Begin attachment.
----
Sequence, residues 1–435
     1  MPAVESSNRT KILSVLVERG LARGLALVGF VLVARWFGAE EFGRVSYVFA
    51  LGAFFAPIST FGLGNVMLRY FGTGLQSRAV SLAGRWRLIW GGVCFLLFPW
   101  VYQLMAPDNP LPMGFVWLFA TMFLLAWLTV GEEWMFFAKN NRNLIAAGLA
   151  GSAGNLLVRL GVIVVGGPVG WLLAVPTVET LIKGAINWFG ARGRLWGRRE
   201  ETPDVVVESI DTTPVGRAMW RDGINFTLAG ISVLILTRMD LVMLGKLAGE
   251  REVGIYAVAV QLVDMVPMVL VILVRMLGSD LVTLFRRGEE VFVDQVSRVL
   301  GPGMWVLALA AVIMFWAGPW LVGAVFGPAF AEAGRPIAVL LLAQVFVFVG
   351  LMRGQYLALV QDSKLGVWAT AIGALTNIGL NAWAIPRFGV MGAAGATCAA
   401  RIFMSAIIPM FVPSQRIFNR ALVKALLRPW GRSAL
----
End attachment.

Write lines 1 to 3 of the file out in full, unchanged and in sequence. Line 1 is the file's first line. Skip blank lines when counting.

Sequence, residues 1–435
     1  MPAVESSNRT KILSVLVERG LARGLALVGF VLVARWFGAE EFGRVSYVFA
    51  LGAFFAPIST FGLGNVMLRY FGTGLQSRAV SLAGRWRLIW GGVCFLLFPW